Sunday, March 11, 2012

"After a Funeral" by Diana Athill

I picked this book up in August 2011 at my local Border's closing sale.  The title caught my eye but the blurb on the back sealed the deal.
The story of how and why a talented writer came to kill himself - a classic memoir by one of our most esteemed authors.  When Diana Athill met the man she calls "Didi," she fell in love instantly and out of love just as quickly....With painful honesty, Athill explores the years she tried to help him, a period that culminated in Didi's suicide - in her apartment - an event he described in his journals as "the one authentic act of my life."
While I did not find myself drawn to the complicated relationship between Athill and Didi, a few quotes made it to my journal for further thought.

Didi was a diarist.  Like me, he wrote in his diary to survive.  Me from Josh's death, and he, from his own depression.
When I started writing I improved a lot, and then I discovered my salvation - a combination of salvation and writing.  My diaries.....I'd sit down and write - give vent to my feelings in writing, instead of in talking or behavior.  This would simmer me down, and I'd become normal again and often shake my head at the strangeness of it all.....In depression my diary becomes hopeless because it was writing it and reading it and seeing the way I sometimes am which often used to cause depression....This diary, then, this medicine, this dark and innermost secret womb of mine, is something I have created to save me (146-147).
Because I have no clues as to Josh's mental and emotional state which led to his fatal and irrevocable act, I want to read the suicidal ideation of others, whether from real people or fictional characters.  In fact, I have a little file box in which are recorded such quotes as below.  Morbid and a somewhat futile exercise, I know, because the only one who could tell me what he was thinking is gone, and who knows if he himself could articulate what dark thoughts were swirling in his mind, but still, I want to try and understand.

When I read such thoughts and copy the quotes in my journal or on notecards to file away, I wonder if Josh felt the same.  Then sadly, I wonder how many other young people or not-so-young people have similar thoughts.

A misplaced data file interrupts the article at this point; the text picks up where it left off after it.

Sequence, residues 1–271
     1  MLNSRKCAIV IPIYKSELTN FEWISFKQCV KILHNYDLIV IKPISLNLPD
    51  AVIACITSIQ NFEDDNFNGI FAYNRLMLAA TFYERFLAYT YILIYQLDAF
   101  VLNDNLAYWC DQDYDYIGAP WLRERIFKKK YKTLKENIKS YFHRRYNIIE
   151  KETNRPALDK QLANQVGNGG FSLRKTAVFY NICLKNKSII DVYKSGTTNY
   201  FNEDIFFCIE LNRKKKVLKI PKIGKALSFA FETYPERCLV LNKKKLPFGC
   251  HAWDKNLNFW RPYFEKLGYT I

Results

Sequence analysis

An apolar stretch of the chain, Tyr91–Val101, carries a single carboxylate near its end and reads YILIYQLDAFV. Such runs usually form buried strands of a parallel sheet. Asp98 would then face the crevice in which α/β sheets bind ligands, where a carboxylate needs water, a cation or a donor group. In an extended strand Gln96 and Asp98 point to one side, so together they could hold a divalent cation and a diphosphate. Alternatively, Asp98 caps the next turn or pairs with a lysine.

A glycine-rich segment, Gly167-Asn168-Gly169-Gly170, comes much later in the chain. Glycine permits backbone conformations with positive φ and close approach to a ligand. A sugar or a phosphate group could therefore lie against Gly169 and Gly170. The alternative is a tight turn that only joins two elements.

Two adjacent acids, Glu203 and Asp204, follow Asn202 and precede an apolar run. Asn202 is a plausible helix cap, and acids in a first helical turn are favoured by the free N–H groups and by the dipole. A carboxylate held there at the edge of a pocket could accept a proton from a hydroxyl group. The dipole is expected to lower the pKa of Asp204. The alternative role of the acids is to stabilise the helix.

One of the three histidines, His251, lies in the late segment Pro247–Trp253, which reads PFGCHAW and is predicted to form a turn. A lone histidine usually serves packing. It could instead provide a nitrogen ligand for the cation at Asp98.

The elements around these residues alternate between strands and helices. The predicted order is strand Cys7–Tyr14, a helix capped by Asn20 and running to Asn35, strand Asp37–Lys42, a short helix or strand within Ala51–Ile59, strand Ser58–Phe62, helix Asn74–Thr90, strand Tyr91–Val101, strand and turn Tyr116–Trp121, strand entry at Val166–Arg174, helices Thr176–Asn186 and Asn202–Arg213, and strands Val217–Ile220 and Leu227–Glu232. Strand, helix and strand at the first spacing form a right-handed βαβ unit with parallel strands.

Didi's feeling of self-repulsion were real and overwhelming.
Falling - falling - falling.  Perhaps I have been unable to touch my diary lately, except in short fits, because at times I am repulsive to myself, I don't want to touch me, to interest myself in me.  It is horrible to dislike your own self so much and there must be a vestige of genuine madness in all this....There is nothing I would welcome more than death at this moment, this very instant - here and now....I am left with what I am left with now: hopelessness, self-pity - and ugly and repulsive self-pity - and such despair, sadness loneliness and finally utter darkness....I have no affection or respect for myself at all.  I loathe and find intensely repulsive a man of my sort (53-55).
Because he was a faithful diarist, it stands to reason that he would record thoughts after ingesting a bottle of sleeping pills.
And the most dramatic moment of my life - the only authentic one - is a terrible let-down.  I have already swallowed my death.  I could vomit it out if I wanted to.  Honestly and sincerely, I really don't want to.  It is a pleasure.  I am doing this not in a sad, unhappy way; but on the contrary, happily and even (a state of being and a word I have always loved) SERENELY....serenely.
He did not die serenely at all.  Because he called a friend, (Athill thought he wanted a witness), he was taken to the hospital where his stomach was pumped.  But it was too late.  After ten days in which he "moaned endlessly," he passed away.